, focuses on a compound called TIC10.
In the new study, the TSRI scientists show that TIC10's structure differs subtly from a version published by another group last year, and that the previous structure associated with TIC10 in fact describes a molecule that lacks TIC10's anticancer activity.
By contrast, the correct structure describes a molecule with potent anticancer effects in animals, representing a new family of biologically active structures that can now be explored for their possible therapeutic uses.
"This new structure should generate much interest in the cancer research community," said Kim D. Janda, the Ely R. Callaway Jr. Professor of Chemistry and member of the Skaggs Institute for Chemical Biology at TSRI.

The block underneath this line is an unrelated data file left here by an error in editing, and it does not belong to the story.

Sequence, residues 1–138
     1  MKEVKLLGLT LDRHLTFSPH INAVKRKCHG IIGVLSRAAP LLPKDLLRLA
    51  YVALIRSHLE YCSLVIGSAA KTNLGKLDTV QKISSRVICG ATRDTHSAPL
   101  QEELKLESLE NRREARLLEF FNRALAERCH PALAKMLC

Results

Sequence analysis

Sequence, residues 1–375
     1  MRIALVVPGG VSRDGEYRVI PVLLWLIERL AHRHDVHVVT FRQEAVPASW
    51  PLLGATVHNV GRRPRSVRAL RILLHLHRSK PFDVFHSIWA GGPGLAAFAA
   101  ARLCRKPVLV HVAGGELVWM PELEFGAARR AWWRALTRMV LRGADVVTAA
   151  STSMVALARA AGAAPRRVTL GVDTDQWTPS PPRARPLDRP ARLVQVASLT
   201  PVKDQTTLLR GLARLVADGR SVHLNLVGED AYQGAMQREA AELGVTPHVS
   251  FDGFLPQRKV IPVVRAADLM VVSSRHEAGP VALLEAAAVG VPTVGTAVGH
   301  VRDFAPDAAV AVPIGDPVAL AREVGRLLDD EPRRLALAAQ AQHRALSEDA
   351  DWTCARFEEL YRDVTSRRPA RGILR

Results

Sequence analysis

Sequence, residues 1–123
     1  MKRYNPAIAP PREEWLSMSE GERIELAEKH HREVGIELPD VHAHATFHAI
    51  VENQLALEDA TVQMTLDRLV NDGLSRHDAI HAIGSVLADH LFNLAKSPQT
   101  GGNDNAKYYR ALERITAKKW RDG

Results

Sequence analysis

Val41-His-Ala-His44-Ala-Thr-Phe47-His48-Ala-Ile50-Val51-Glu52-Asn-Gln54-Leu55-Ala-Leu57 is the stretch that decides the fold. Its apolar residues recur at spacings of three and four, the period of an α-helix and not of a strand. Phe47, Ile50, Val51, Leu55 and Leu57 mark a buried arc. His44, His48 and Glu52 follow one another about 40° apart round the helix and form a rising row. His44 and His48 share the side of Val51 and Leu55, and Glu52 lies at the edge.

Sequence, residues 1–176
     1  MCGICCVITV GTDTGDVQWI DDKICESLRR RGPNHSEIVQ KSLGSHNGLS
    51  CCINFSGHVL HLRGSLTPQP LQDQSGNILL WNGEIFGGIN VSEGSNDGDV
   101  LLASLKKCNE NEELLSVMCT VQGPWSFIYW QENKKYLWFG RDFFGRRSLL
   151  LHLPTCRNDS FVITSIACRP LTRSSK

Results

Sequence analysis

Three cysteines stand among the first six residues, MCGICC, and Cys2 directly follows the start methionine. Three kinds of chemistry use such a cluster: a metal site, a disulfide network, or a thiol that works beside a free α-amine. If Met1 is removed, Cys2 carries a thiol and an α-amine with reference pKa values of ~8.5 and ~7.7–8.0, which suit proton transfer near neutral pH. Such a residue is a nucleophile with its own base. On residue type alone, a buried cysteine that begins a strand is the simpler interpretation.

TIC10 was first described in a paper in the journal Science Translational Medicine
in early 2013. The authors identified the compound, within a library of thousands of molecules maintained by the National Cancer Institute (NCI), for its ability to boost cells' production of a powerful natural antitumor protein, TRAIL. (TIC10 means TRAIL-Inducing Compound #10.)
As a small molecule, TIC10 would be easier to deliver in a therapy than the TRAIL protein itself. The paper, which drew widespread media coverage, reported that TIC10 was orally active and dramatically shrank a variety of tumors in mice, including notoriously treatment-resistant glioblastomas.
Tumors can develop resistance to TRAIL, but Janda had been studying compounds that defeat this resistance. The news about TIC10 therefore got his attention. "I thought, 'They have this molecule for upregulating TRAIL, and we have these molecules that can overcome tumor cell TRAIL resistance—the combination could be important,'" he said.
The original publication on TIC10 included a figure showing its predicted structure. "I saw the figure and asked one of my postdocs, Jonathan Lockner, to make some," Janda said.